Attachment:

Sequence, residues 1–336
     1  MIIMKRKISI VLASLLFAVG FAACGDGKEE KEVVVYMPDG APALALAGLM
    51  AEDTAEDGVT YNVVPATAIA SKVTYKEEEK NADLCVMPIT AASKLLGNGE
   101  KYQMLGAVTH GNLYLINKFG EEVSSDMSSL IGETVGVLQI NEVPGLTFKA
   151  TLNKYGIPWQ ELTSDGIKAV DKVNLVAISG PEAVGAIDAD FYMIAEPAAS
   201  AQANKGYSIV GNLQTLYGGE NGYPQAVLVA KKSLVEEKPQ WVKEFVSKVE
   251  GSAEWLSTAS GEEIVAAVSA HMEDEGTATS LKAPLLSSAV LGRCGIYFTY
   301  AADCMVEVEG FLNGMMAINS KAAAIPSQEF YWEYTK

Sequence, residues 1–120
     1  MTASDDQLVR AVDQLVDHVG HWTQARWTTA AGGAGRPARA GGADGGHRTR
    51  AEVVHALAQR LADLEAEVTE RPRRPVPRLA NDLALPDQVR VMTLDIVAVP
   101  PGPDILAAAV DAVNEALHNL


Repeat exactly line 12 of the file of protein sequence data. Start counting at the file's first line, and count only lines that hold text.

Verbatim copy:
   101  PGPDILAAAV DAVNEALHNL